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Distracted Driving Month is here and the goal of the month is to bring awareness to your unsafe driving habits. When driving, it’s important to keep your hands on the wheel as much as possible. The problem is, there are so many distractions we have available that make it difficult to focus. These distractions come in all shapes and sizes and are hazardous to your safety. Teen drivers are more susceptible to these dangers but there are tips for parents that can help.

Keep teen drivers and others safe on the road by making sure you keep your hands on the wheel during and after Distracted Driving Awareness Month.

Keep teen drivers and others safe on the road by making sure you keep your hands on the wheel during and after Distracted Driving Awareness Month.

The Law

There is a new law that took effect this year in California. This law is known as the distracted driving law. The law prohibits even holding a cell phone while driving. If caught, drivers can face a first offense ticket that costs $162. Whether you’re holding your phone to send a text, play a song, read an email, or update a status, ask yourself, is it worth $162? Most likely, the answer is no, it’s not worth it, so make an attempt to stop distracted driving in your car.

Turn it off

The best way to end distracted driving is to not have distractions readily available. Turn off your cell phone when you get into your vehicle to drive. Once you’re in your vehicle, and your phone is turned off, put it out of sight. Think of the saying, out of sight, out of mind. If you can’t turn your cell phone off for some reason, make sure you’re safe. Only pick up your cell phone when stopped and the vehicle is in park.

Pre-Programmed

One of the common uses of smartphones in the car is for their GPS navigation apps. While those apps will help you get around in a timely manner they can also distract you. Make sure you program your GPS before you put the vehicle in drive. Not only will this help make sure you’re safe, it will also make sure you start your trip in the right direction. If you use your phone to listen to music or podcasts while in the car, program it before you leave. Make programming your phone part of your vehicle start up routine. Fasten your seatbelt, adjust your seat, check your mirrors, program music or podcasts, set GPS, start your car and go. You’ll be driving much safer if done correctly.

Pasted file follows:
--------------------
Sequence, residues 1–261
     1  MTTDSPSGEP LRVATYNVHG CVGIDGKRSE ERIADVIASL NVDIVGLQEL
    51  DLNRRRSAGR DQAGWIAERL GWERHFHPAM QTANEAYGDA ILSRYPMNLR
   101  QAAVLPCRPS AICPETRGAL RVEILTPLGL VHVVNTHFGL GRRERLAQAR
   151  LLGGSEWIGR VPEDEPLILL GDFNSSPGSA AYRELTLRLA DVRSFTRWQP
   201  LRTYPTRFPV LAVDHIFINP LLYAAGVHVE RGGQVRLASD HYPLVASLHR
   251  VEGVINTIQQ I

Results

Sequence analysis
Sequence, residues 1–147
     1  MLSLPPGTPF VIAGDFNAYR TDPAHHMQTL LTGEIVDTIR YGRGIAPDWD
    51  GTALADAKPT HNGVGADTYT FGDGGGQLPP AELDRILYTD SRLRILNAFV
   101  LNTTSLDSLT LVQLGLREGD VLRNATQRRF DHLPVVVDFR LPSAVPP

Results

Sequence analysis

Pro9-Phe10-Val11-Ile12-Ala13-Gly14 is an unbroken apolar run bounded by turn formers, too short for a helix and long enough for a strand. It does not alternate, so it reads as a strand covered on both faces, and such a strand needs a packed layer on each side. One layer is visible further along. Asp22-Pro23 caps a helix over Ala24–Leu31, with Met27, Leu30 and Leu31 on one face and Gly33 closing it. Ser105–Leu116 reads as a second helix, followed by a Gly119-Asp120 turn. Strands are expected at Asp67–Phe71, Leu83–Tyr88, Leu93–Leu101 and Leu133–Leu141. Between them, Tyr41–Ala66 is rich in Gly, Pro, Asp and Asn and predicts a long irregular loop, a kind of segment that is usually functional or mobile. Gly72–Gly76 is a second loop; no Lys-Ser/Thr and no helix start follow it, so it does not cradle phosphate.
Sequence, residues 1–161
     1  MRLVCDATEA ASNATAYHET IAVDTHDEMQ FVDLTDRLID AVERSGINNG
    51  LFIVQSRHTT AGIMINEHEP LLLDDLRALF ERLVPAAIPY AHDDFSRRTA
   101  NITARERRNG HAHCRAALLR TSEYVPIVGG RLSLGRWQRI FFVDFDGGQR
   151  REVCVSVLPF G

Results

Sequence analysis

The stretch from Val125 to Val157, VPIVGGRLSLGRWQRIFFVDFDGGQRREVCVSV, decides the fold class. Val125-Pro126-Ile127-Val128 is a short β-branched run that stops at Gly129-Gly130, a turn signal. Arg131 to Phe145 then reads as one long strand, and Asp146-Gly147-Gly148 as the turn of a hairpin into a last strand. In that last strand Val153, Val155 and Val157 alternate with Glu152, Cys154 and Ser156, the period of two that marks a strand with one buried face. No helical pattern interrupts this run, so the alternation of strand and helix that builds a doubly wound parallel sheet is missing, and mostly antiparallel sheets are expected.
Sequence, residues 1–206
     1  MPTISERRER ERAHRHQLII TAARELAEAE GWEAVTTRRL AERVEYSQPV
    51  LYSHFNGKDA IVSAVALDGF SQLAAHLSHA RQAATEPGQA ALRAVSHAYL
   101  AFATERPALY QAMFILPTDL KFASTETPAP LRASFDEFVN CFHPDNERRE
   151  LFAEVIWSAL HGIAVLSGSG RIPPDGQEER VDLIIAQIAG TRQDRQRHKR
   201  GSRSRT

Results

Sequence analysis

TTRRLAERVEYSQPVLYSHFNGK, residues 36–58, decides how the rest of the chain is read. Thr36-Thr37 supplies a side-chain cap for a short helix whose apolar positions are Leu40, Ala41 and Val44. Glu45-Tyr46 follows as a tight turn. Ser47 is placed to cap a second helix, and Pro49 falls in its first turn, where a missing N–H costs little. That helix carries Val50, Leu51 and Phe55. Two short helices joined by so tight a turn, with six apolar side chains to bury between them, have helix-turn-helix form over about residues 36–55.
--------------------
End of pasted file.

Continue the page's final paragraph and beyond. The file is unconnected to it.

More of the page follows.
Keep teen drivers and others safe on the road by making sure you keep your hands on the wheel during and after Distracted Driving Awareness Month.

Leave When Ready

Cell phones aren’t the only common distraction while on the road, grooming is another popular one. Whether you’re shaving your face, combing your hair, or applying that last bit of make-up, there is a time and a place for it all. Do not leave your house until you’re fully ready to go. If you feel the need for last touches, do it when you arrive at your destination. Don’t let your grooming habits be the reason you get in an accident, it’s another thing that’s just not worth it.

Don’t Eat or Drink

Eating in the car is not only a distraction, it can get messy. Eat your meal or snack before getting into your vehicle. That last bite isn’t an excuse for hitting another vehicle or worse. If you can’t finish your meal before you leave, save it for later. There’s nothing wrong with leftovers, and in some cases, they even taste better. Drinking is another form of distracted driving. While drinking doesn’t seem as dangerous as cell phones, it is still dangerous. If you really need a drink of water or whatever you have with you, try and wait until you’re at a stop.

Fallen Objects

We’ve all had an experience where something falls onto the floor of our vehicle. In some cases, the fallen object even gets stuck under a foot pedal. This occurrence is very dangerous and needs to be addressed. However, it shouldn’t be dealt with while the car is moving in any direction. Stop your car in a safe place, place it in park, and pick up the object. Once you’ve solved the problem, you can continue on your way.

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